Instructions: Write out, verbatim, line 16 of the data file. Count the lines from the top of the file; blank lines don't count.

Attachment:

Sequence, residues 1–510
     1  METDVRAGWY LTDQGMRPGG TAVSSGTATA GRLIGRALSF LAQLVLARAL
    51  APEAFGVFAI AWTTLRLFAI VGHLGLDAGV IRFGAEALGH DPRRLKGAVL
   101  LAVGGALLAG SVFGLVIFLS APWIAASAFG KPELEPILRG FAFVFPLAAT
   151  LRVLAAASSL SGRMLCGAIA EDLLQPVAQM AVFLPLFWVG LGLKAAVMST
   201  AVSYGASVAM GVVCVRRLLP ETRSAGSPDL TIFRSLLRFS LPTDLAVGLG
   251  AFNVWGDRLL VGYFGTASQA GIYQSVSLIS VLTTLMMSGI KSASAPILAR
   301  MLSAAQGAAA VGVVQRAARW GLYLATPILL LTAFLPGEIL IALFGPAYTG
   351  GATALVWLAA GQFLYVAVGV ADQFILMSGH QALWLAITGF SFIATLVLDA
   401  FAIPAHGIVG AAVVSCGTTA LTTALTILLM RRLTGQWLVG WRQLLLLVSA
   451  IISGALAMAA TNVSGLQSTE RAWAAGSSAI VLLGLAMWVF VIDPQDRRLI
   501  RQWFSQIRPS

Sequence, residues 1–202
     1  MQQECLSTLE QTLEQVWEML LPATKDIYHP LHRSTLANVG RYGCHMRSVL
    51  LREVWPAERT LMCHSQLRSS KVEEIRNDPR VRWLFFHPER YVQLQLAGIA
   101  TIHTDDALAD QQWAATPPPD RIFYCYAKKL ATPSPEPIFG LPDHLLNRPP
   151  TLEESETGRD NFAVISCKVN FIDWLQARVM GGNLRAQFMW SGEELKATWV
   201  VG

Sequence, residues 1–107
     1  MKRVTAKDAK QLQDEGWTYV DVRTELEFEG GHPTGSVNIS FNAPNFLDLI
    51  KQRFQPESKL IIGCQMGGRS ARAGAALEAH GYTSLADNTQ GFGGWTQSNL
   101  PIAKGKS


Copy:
   101  TIHTDDALAD QQWAATPPPD RIFYCYAKKL ATPSPEPIFG LPDHLLNRPP